CHAPTER II
The Art of the Triumphant Christian Church

Constantine the Great, revered by Christians throughout the Middle Ages as the first Christian emperor, became the patron of the Christians and Christian art almost by chance, or, as he declared, through the will of the Christian God. Constantine claimed the imperial throne through his father, who had ruled the West after Diocletian's abdication in 305. Although the army proclaimed Constantine his father's rightful successor, the Eastern ruler, Maximian, had designated his own son, Maxentius, as Western Caesar. In the bitter struggle that ensued, Constantine ultimately defeated Maxentius in 312 at the battle of the Milvian Bridge, near Rome. On the eve of the battle, Constantine had a dream in which he saw a flaming cross bearing the words: "In this sign thou shalt conquer." He ordered each soldier to place on his shield Chi Rho (XP), the monogram of Christ. However much the battle may have been determined by Maxentius' tactical blunders, Constantine believed that it was the Christian God who had granted his army victory. Now uncontestedly Western Augustus, Constantine felt a gratitude that in time would change the entire course of European civilization.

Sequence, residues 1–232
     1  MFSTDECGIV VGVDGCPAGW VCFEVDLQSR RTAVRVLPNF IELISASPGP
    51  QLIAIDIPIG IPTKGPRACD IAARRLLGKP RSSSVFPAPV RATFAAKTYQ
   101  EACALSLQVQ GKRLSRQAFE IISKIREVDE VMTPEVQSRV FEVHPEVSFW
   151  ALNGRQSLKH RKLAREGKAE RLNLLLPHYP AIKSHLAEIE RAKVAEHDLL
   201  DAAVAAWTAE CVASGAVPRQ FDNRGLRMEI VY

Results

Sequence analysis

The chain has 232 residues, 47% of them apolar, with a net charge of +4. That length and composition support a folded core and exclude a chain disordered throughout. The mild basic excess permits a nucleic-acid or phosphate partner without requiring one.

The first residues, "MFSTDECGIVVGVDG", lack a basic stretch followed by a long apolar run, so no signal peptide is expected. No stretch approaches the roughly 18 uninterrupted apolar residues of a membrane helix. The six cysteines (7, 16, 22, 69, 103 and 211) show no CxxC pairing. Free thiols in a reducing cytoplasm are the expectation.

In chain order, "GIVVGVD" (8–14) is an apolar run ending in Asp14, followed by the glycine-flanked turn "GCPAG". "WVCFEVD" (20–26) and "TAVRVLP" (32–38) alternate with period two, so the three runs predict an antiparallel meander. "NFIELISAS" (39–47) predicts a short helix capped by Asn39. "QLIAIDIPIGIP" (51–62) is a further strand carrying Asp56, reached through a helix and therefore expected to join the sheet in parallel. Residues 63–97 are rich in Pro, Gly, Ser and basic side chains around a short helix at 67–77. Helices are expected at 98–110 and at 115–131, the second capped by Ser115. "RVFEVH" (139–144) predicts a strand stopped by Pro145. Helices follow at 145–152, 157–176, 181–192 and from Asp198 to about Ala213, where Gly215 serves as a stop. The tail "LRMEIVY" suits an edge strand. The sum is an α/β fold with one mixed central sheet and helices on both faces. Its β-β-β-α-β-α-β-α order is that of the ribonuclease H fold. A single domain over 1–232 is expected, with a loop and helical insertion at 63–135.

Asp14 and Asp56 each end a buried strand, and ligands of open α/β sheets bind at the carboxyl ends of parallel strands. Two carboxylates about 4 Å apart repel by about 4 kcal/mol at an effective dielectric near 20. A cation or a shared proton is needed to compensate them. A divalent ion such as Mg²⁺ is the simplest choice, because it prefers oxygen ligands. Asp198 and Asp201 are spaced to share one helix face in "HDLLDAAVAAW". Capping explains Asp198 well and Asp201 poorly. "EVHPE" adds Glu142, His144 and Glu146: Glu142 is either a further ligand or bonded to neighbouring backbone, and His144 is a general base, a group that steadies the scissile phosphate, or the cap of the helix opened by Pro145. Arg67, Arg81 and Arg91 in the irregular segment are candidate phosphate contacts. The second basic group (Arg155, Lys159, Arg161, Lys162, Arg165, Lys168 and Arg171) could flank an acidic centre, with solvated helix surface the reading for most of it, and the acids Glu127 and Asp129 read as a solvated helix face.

Constantine immediately began to undo the wrongs that his predecessors had visited upon the Christians. First he issued a decree whereby Christians would be tolerated and their confiscated property restored. Then in 313 he recognized Christianity as a lawful religion. In a crucial pronouncement known as the Edict of Milan, issued in concert with the Eastern Augustus, Licinius, Constantine formalized his earlier decrees. The text of the edict, a model of religious toleration, allowed not only to Christians but to the adherents of every other religion the choice of following whatever form of worship they pleased. Giving freedom to Christian and pagan alike should have assured the Emperor a reign unhampered by civil strife. Having secured his authority in the West, Constantine sought absolute supremacy in the East as well. His struggle with Licinius lasted for ten more years, but Constantine emerged victorious.

But if Constantine expected the Christians to unite behind his government as a pious, harmonious people with a single belief, he was disappointed. Christian theologians debated the nature and meaning of Christ and Christianity, attacking each other with the same vigor that they directed toward unbelievers. A critical problem in the fourth century was the very definition of the nature of Christ. To most Christians indivisible equality of Christ's human and divine natures was essential to the dogma of salvation; all the while he lived and died on the Cross as a man, He remained the Son of God. Nevertheless Arius (d. 336), a Libyan priest in Alexandria, claimed that Christ had one, supernatural nature neither wholly human nor totally divine, and furthermore, that the three persons of the Trinity, while similar, did not have identical

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